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All You Need to Know About Skip-a-Payment

All You Need to Know About Skip-a-Payment

Skip-a-payment is a program that gives members a chance to skip a monthly loan or credit card payment, penalty-free, during a tight financial season. Most credit unions offer it during the holidays and during the summer months.

 

Here’s what you need to know about skip-a-payment:

 

How skip-a-payment works

 

Depending on the credit union, skip-a-payment is available to qualifying members year-round or during select times of the year. The program is generally only allowed for loans with terms that are 12 months or longer, have been open at least nine months, and have a good payment history. Exact eligibility criteria vary by credit union.

 

Why choose skip-a-payment

 

The primary benefit of choosing to skip a payment is the extra cash flow. During an expensive time of year, members may be strapped for cash. Skipping a payment frees up funds for day-to-day expenses. Removing the financial stress also makes these times of year more enjoyable.

 

Disadvantages of skip-a-payment

 

It’s important to consider these points before choosing to skip a payment:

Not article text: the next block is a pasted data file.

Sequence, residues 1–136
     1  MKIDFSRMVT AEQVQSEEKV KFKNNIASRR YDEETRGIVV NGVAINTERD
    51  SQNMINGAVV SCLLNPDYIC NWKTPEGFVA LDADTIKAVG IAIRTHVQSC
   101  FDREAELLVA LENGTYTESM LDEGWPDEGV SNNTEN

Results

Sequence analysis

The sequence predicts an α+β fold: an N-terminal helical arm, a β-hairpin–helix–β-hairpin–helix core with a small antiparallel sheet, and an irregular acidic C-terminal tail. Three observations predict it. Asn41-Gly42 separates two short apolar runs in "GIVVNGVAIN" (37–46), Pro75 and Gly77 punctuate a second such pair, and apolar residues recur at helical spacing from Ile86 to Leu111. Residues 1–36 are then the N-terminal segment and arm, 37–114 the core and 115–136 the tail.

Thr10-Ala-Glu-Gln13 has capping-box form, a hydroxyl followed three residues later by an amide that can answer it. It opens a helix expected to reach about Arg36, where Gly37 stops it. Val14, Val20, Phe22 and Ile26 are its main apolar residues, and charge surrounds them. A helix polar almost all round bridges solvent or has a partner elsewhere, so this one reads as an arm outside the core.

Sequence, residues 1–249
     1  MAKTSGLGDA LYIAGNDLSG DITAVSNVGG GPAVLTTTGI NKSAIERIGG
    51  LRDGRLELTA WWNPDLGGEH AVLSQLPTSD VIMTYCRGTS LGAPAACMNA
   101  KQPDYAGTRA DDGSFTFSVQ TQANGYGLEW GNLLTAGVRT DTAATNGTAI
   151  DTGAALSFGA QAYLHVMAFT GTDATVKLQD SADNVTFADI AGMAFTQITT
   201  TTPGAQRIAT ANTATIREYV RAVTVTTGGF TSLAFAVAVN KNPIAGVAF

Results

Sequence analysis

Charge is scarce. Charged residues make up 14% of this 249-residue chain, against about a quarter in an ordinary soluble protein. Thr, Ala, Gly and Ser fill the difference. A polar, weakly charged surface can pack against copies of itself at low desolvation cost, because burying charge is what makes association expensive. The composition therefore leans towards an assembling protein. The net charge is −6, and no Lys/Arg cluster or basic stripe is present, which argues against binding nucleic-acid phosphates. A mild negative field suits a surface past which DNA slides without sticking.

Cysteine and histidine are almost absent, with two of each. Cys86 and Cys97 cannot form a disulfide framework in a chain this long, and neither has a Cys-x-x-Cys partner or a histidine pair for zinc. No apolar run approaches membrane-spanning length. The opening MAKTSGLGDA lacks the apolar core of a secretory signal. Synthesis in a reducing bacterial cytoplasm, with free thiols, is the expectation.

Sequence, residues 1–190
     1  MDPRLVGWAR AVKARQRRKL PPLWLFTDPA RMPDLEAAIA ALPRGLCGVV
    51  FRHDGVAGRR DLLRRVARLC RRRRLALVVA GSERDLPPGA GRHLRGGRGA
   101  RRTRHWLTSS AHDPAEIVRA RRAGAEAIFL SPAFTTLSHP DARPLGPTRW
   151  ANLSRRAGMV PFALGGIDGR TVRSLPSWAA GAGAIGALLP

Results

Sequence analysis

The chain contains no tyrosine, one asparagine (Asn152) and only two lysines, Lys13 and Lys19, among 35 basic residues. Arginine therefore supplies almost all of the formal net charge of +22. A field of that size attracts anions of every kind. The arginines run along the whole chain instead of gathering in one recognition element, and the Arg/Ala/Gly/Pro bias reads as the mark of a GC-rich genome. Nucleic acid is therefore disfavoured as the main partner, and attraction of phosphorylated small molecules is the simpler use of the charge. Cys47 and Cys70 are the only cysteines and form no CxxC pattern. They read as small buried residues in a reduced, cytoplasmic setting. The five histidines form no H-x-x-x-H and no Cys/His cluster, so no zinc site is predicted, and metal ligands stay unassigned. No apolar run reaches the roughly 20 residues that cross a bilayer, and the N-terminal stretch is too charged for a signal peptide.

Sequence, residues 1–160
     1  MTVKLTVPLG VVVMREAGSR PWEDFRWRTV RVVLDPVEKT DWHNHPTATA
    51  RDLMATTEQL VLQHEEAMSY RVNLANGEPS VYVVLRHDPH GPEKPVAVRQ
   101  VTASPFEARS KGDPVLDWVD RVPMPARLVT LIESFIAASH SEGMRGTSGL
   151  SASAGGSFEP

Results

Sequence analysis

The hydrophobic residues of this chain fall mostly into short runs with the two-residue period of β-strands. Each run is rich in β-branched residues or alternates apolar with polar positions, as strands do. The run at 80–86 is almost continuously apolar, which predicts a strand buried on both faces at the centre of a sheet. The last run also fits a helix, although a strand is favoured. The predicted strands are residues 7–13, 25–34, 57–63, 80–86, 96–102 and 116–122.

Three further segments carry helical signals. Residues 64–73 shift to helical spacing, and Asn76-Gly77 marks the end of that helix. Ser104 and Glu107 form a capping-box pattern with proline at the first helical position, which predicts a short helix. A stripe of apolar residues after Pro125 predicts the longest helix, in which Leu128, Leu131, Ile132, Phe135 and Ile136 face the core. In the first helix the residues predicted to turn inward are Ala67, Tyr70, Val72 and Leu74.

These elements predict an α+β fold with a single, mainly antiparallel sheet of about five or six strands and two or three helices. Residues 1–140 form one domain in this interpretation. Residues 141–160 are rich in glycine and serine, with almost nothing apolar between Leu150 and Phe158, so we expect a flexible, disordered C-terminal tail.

• Longer loan term. The monthly payment you skip now is moved to the end of the loan. This means you’ll pay off this loan one month later than planned. 
  • Accrued interest. While skipping a payment gives you a break from paying down the loan balance, interest still accrues and is tacked on to the end of the loan term. You’ll ultimately be paying more in overall interest over the life of the loan as a result. 

 

What to know before skipping a payment

 

Know that many people fall out of the habit of making their monthly payments when they choose to skip just one payment. Payment history influences credit scores the most, putting you at risk of hurting your score if you skip a payment without your lender’s permission. Be sure to make your full payments next month.

 

Also, if you feel like you could use skip-a-payment every month, you may be in financial trouble. Speak to a member representative for advice on money management, debt counseling, and budgeting tips. 

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